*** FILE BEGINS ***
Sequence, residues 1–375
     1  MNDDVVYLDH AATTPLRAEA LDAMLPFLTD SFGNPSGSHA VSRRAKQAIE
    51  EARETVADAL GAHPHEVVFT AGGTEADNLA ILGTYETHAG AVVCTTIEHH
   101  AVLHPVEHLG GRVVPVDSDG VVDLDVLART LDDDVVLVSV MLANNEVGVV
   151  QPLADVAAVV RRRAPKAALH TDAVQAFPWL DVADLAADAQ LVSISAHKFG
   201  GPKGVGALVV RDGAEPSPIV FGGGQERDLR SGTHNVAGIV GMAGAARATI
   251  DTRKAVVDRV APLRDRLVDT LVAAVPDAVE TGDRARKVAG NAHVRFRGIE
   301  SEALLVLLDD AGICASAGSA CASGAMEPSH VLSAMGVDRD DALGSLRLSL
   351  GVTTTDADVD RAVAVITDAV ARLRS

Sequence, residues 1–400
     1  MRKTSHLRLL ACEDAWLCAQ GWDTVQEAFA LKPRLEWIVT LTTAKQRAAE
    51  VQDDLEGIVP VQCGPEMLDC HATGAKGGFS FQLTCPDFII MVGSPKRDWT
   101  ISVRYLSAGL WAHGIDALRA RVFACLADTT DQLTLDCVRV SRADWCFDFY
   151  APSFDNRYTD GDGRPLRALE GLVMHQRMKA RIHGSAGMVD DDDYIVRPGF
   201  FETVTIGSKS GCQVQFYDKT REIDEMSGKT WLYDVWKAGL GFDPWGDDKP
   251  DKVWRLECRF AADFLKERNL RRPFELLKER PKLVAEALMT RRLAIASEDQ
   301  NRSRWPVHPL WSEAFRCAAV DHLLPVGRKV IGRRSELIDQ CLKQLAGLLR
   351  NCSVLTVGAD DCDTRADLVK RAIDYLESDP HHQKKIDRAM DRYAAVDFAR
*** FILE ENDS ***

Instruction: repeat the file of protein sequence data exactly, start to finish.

Sequence, residues 1–375
     1  MNDDVVYLDH AATTPLRAEA LDAMLPFLTD SFGNPSGSHA VSRRAKQAIE
    51  EARETVADAL GAHPHEVVFT AGGTEADNLA ILGTYETHAG AVVCTTIEHH
   101  AVLHPVEHLG GRVVPVDSDG VVDLDVLART LDDDVVLVSV MLANNEVGVV
   151  QPLADVAAVV RRRAPKAALH TDAVQAFPWL DVADLAADAQ LVSISAHKFG
   201  GPKGVGALVV RDGAEPSPIV FGGGQERDLR SGTHNVAGIV GMAGAARATI
   251  DTRKAVVDRV APLRDRLVDT LVAAVPDAVE TGDRARKVAG NAHVRFRGIE
   301  SEALLVLLDD AGICASAGSA CASGAMEPSH VLSAMGVDRD DALGSLRLSL
   351  GVTTTDADVD RAVAVITDAV ARLRS

Sequence, residues 1–400
     1  MRKTSHLRLL ACEDAWLCAQ GWDTVQEAFA LKPRLEWIVT LTTAKQRAAE
    51  VQDDLEGIVP VQCGPEMLDC HATGAKGGFS FQLTCPDFII MVGSPKRDWT
   101  ISVRYLSAGL WAHGIDALRA RVFACLADTT DQLTLDCVRV SRADWCFDFY
   151  APSFDNRYTD GDGRPLRALE GLVMHQRMKA RIHGSAGMVD DDDYIVRPGF
   201  FETVTIGSKS GCQVQFYDKT REIDEMSGKT WLYDVWKAGL GFDPWGDDKP
   251  DKVWRLECRF AADFLKERNL RRPFELLKER PKLVAEALMT RRLAIASEDQ
   301  NRSRWPVHPL WSEAFRCAAV DHLLPVGRKV IGRRSELIDQ CLKQLAGLLR
   351  NCSVLTVGAD DCDTRADLVK RAIDYLESDP HHQKKIDRAM DRYAAVDFAR